The Netherlands faces power outages in the future, grid operator says

Wind turbines in the IJsselmeer. Photo:
Wind turbines and solar panels are dependent on the weather. Photo:

Dutch electricity grid company Tennet has warned that the Netherlands is facing a looming electricity shortage and says that outages may well break official limits from 2030.

At the moment, power cuts because of a shortage of electricity are extremely rare but that is set to change, Tennet said. The current maximum is four hours per year but from 2030 shortages may lead to a loss of power of 4.5 hours a year and that could go up to 12 hours in a worst case scenario.

The reason for the looming crisis is two-fold, Tennet said. On the one hand, demand for electricity is increasing as people switch away from fossil fuels. On the other, less electricity is being generated from sources which can be adapted quickly when demand increases – such as coal and gas.

In addition, with coal, gas and nuclear power plants closing across Europe, the Netherlands will be less likely to get support from its neighbouring countries if problems arise, Tennet said.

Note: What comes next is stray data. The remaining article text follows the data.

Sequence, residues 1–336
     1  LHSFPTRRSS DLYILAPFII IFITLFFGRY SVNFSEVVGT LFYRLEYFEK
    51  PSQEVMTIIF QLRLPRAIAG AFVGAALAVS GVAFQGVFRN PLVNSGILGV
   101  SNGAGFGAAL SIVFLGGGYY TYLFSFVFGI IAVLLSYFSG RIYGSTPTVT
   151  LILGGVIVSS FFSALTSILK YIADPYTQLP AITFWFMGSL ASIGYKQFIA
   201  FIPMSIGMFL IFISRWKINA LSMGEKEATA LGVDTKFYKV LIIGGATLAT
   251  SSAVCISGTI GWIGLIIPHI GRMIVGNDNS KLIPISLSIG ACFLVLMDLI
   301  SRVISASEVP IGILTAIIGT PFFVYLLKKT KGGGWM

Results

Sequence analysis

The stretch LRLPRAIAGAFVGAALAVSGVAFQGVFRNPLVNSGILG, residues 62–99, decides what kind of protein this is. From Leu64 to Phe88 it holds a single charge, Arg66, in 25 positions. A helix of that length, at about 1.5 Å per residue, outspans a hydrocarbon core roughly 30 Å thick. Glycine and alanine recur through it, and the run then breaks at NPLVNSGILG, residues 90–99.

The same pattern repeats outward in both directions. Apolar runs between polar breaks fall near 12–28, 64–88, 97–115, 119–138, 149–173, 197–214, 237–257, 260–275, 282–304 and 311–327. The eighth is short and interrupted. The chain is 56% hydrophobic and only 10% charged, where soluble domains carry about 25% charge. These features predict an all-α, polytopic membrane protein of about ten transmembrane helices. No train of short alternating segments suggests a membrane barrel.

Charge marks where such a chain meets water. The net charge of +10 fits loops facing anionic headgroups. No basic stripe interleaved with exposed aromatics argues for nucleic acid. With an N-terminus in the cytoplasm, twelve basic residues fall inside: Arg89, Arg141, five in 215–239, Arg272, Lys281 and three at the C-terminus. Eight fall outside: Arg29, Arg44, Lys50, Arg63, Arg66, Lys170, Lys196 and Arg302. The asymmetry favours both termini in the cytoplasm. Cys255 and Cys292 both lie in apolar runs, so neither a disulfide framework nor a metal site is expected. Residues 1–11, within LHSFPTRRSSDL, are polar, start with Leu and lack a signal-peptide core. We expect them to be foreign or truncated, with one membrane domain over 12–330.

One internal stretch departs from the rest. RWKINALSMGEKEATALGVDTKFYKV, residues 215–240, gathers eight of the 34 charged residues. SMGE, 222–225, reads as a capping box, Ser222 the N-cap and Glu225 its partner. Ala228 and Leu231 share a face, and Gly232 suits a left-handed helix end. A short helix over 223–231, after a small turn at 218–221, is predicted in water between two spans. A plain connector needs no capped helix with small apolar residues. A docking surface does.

‘It is therefore crucial that action is taken to make sure the market remains flexible on both the demand and supply side,’ Tennet said.

‘The aim to achieve the climate goals, with reduced dependency on fossil fuels, will only be realistic with strong European cooperation,’ COO Maarten Abbenhuis said. ‘This raises new challenges that will require more and more attention in the coming years.’

Thank you for donating to

We could not provide the Dutch News service, and keep it free of charge, without the generous support of our readers. Your donations allow us to report on issues you tell us matter, and provide you with a summary of the most important Dutch news each day.

Make a donation